Sunday, February 18, 2007

Web 2.0 Goes Mainstream

We have gone mainstream with Web 2.0.

Slight digression. For those of you who have no idea what Web 2.0 is. let me give you a simple definition. Web 1.0 was all about static content on the Internet. You could go out and find information. Most of this information was provided by companies. You could also transact on the Internet - buying things from sites such as Amazon and eBay. Web 2.0 is all about the interactive Internet. Rather than information being static and transactional, it is interactive and dynamic. Much of the content comes from individuals and communities. For more information, take a look at at Web 2.0 .

And one more digression. Technology in general follows something called the Technology Adoption Life Cycle. That is, there are always early adopters and visionaries who are willing to try almost anything. Many technologies never make it beyond these folks. When it does, it crosses what is called the Chasm and moves into significantly greater adoption. That is where we are with Web 2.0.

Now back to Web 2.0 going mainstream. There are a number of reasons I say this. But the most telling is how my wife is now using the Internet. She is not technical, does not write programs, was pretty much like most users of the Internet. She looked up information, used email and did some ecommerce. But recently EVERYTHING CHANGED. She first started listening to podcasts. She found out about flickr from her favorite Creative Mom Podcast and blog. She has become a part of a community.

I offered to help her create a blog. She now has one and it is actually a mashup (a Web 2.0 term which means to combine different pieces of information from different places on the Internet together). She has a picture, an interactive connection to her flickr pages, links to other sites and the blog itself. She put this together with no help from me - she just used the capabilities. Check her blog out to see what I mean, and click on her flickr map. If she can easily do this, we are past the early adopters and visionaries!!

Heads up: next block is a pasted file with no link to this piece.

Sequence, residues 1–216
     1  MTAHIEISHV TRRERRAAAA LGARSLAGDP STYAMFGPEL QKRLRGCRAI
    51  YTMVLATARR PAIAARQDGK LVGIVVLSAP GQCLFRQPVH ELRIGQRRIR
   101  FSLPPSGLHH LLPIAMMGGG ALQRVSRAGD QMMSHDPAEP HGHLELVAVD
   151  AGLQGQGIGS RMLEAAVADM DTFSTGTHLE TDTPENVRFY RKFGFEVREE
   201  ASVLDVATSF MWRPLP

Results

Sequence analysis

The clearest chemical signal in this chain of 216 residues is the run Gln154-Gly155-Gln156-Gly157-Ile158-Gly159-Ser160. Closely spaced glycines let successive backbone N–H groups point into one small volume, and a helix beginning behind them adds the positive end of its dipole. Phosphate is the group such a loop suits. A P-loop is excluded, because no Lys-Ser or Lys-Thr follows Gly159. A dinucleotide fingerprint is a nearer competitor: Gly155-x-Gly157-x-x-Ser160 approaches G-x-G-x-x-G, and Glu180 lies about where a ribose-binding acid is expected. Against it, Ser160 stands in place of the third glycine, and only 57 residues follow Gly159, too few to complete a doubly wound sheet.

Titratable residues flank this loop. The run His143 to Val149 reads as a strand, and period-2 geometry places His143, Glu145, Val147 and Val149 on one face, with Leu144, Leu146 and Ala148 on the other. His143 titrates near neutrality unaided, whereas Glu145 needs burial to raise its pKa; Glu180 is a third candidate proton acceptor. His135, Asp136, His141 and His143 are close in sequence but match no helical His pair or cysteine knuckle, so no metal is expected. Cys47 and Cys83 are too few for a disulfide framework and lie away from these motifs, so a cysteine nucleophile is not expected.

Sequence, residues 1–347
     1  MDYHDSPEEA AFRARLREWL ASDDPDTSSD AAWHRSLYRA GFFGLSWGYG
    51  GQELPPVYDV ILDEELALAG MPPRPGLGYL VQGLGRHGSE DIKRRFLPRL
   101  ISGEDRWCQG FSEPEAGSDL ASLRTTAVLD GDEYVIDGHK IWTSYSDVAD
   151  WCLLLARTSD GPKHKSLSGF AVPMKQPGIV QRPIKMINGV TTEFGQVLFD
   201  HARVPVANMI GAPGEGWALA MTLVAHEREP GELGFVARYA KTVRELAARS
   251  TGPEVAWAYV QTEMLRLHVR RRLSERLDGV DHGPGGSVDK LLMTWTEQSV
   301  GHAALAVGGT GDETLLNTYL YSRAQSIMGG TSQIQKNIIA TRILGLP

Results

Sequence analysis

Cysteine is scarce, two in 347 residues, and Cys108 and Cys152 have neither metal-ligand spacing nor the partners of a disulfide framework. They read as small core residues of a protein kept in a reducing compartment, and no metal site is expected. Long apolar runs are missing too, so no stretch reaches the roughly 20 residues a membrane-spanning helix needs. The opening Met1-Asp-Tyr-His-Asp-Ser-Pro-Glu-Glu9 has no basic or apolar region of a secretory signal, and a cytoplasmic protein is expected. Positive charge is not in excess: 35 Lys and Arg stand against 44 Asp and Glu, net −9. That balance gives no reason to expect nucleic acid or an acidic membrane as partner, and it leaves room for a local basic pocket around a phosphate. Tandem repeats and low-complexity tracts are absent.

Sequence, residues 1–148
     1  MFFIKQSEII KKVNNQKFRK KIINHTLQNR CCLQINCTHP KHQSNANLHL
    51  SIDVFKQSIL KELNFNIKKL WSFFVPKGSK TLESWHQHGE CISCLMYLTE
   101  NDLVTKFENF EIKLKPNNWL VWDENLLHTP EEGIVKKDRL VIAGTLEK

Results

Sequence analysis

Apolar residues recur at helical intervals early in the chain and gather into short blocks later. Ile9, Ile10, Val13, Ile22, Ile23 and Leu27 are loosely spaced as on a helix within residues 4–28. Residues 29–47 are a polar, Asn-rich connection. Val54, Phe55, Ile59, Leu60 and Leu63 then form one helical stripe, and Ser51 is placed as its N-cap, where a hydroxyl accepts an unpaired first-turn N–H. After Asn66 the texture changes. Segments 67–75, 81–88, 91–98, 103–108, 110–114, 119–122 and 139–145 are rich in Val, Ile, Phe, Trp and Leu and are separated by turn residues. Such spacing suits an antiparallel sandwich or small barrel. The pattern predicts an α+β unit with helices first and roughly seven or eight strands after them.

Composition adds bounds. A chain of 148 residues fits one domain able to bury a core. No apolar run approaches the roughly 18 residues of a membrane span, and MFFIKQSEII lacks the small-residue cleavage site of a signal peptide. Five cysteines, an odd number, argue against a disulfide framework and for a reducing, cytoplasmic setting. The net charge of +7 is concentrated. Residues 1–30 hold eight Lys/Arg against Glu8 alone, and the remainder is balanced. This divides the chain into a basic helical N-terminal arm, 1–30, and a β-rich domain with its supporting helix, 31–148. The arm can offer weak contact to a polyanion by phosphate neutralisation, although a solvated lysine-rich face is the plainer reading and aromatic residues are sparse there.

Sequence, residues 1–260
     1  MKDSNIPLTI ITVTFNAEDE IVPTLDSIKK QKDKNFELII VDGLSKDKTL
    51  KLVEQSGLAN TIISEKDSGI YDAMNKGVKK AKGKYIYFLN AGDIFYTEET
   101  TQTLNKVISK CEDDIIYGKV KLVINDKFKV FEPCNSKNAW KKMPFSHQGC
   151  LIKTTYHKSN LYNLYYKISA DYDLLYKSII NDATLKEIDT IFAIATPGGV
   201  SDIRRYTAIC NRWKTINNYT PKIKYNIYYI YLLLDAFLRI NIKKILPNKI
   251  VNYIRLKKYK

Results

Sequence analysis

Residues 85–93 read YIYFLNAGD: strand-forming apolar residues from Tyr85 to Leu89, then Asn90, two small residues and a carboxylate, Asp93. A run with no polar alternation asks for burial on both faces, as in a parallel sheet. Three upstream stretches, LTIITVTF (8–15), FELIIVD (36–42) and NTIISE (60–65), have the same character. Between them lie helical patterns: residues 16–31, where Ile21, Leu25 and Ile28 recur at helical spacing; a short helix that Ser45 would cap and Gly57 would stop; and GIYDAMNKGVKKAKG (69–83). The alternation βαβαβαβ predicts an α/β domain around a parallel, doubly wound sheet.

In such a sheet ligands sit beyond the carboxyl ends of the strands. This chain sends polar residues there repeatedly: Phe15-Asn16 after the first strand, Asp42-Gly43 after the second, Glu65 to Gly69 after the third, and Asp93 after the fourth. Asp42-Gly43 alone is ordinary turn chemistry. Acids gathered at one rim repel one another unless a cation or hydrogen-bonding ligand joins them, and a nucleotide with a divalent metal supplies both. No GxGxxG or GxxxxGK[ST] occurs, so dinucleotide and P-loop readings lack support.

There are other reasons as well. Mostly the number of sites that are being created quickly and easily where they are combining capabilities from multiple other sites into something that is usable and more interactive. Taking advantage and creating communities where people of like interest can come together. And leveraging the massive number of Internet users. A few examples below.
  • M2 Route - ability to map your running routes. All the site does is overlays on a mapping program your own route. Simple to create but useful if you want to track and share routes. There are lots of sites like this out there ...
  • flickr - as mentioned above is a great site for pictures, but that in and of itself is no big deal, they have made it easy to tie into other sites as Julie has done with her blog. And you can do your own mashups on flickr like show your pictures easily on a Google map.
  • digg - a site where users vote on the best articles, and these articles make it to the front page based on number of "diggs".
  • friendster - social networking site which is actually way better than the more widely known myspace.
  • Yahoo Pipes - this is way more advanced, but provides the facility to create more easily complex mashups. It provides a fairly easy set of tools to do this. Not programming but rather assembly.
I could go on and on as this is just exploding. The web is becoming more friendly and easier to use. We have crossed the chasm and are into mass adoption. It is far easier for everyone to use, to create their own mashups and to join and participate in communities. The next few years are going to be really interesting!

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